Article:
A reader sent me Hauser’s recent essay in the Paris Review — The Crane Wife. It begins as Hauser has just canceled her wedding and goes ahead days later with a planned birdwatching trip.
The essay skips between whooping cranes and what brought her to this point — not how she left a cheater, but how she tolerated one.
In the year leading up to calling off my wedding, I often cried or yelled or reasoned or pleaded with my fiancé to tell me that he loved me. To be nice to me. To notice things about how I was living.
One particular time, I had put on a favorite red dress for a wedding. I exploded from the bathroom to show him. He stared at his phone. I wanted him to tell me I looked nice, so I shimmied and squeezed his shoulders and said, “You look nice! Tell me I look nice!” He said, “I told you that you looked nice when you wore that dress last summer. It’s reasonable to assume I still think you look nice in it now.”
The devaluing. The corrosive little acts of surrender. The bargaining. She gets it — and she’s got the guts to describe it.
What I learned to do, in my relationship with my fiancé, was to survive on less. At what should have been the breaking point but wasn’t, I learned that he had cheated on me. The woman he’d been sleeping with was a friend of his I’d initially wanted to be friends with, too, but who did not seem to like me, and who he’d gaslit me into being jealous of, and then gaslit me into feeling crazy for being jealous of.
The full course of the gaslighting took a year, so by the time I truly found out what had happened, the infidelity was already a year in the past.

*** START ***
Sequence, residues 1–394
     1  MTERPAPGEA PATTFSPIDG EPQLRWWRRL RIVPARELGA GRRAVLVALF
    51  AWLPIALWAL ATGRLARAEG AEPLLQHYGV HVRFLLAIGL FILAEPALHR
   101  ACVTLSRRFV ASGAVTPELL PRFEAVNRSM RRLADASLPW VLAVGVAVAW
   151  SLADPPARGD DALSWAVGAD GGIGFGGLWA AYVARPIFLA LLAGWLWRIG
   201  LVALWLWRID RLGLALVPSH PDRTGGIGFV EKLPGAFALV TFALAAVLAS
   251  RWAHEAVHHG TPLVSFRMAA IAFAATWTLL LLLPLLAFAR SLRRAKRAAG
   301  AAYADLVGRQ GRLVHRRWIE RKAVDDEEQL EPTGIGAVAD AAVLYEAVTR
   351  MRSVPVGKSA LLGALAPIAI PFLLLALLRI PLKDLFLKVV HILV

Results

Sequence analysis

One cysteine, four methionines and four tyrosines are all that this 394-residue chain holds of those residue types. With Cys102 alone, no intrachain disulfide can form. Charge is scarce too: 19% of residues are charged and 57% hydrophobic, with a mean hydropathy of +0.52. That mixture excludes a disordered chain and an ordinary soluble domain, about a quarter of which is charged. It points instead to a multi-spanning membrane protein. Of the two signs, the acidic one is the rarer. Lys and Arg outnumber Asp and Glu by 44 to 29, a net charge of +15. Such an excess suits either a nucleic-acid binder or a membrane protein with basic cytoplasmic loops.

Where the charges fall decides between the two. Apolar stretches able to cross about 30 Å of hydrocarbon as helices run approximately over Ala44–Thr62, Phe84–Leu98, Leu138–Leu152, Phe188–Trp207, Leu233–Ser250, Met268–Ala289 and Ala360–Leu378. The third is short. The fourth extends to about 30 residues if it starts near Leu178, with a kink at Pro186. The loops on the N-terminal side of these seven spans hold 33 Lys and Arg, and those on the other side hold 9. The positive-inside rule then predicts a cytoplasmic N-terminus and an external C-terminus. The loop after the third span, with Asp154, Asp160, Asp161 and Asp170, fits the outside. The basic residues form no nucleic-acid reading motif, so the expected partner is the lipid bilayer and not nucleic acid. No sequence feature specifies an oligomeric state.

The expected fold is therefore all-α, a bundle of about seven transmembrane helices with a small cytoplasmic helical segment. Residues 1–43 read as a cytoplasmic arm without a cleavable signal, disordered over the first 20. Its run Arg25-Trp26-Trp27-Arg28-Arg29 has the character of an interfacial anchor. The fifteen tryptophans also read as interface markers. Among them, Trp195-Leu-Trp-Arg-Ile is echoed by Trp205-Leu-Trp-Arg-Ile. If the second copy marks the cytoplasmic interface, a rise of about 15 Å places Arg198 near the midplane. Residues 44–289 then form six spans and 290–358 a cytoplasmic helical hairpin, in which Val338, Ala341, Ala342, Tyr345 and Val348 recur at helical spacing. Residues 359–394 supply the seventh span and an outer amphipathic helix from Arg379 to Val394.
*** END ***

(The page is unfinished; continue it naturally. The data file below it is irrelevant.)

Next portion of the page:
It was new news to me but old news to my fiancé.
Logically, he said, it doesn’t matter anymore.
It had happened a year ago. Why was I getting worked up over ancient history?
I did the mental gymnastics required.
I convinced myself that I was a logical woman who could consider this information about having been cheated on, about his not wearing a condom, and I could separate it from the current reality of our life together.
Why did I need to know that we’d been monogamous? Why did I need to have and discuss inconvenient feelings about this ancient history?
I would not be a woman who needed these things, I decided.
I would need less. And less.
I got very good at this.
And that’s the humiliating part. Worse than the cheating, even before you know about that — what you tolerated to have a fuckwit in your life. Believing somehow you’ve no right to ask for more.
Hauser nails how by trying to not be needy, it results in the worst sort of neediness — keeping an abusive partner.
Even now I hear the words as shameful: Thirsty. Needy. The worst things a woman can be. Some days I still tell myself to take what is offered, because if it isn’t enough, it is I who wants too much. I am ashamed to be writing about this instead of writing about the whooping cranes, or literal famines, or any of the truer needs of the world.
But what I want to tell you is that I left my fiancé when it was almost too late. And I tell people the story of being cheated on because that story is simple. People know how it goes. But it’s harder to tell the story of how I convinced myself I didn’t need what was necessary to survive. How I convinced myself it was my lack of needs that made me worthy of love.
I can only wonder where Hauser’s ex is today, as she publishes in the Paris Review. As her new book, Family of Origin is a #1 best seller on Amazon. Is he offloading a hundred monogrammed cocktail napkins? Recycling his shitty engagement ring on his next victim? Swanning about with loads of unquestioned entitlement?
Chumps — see what happens when you know your worth?
Leave a cheater, gain a life. And maybe some literary awards.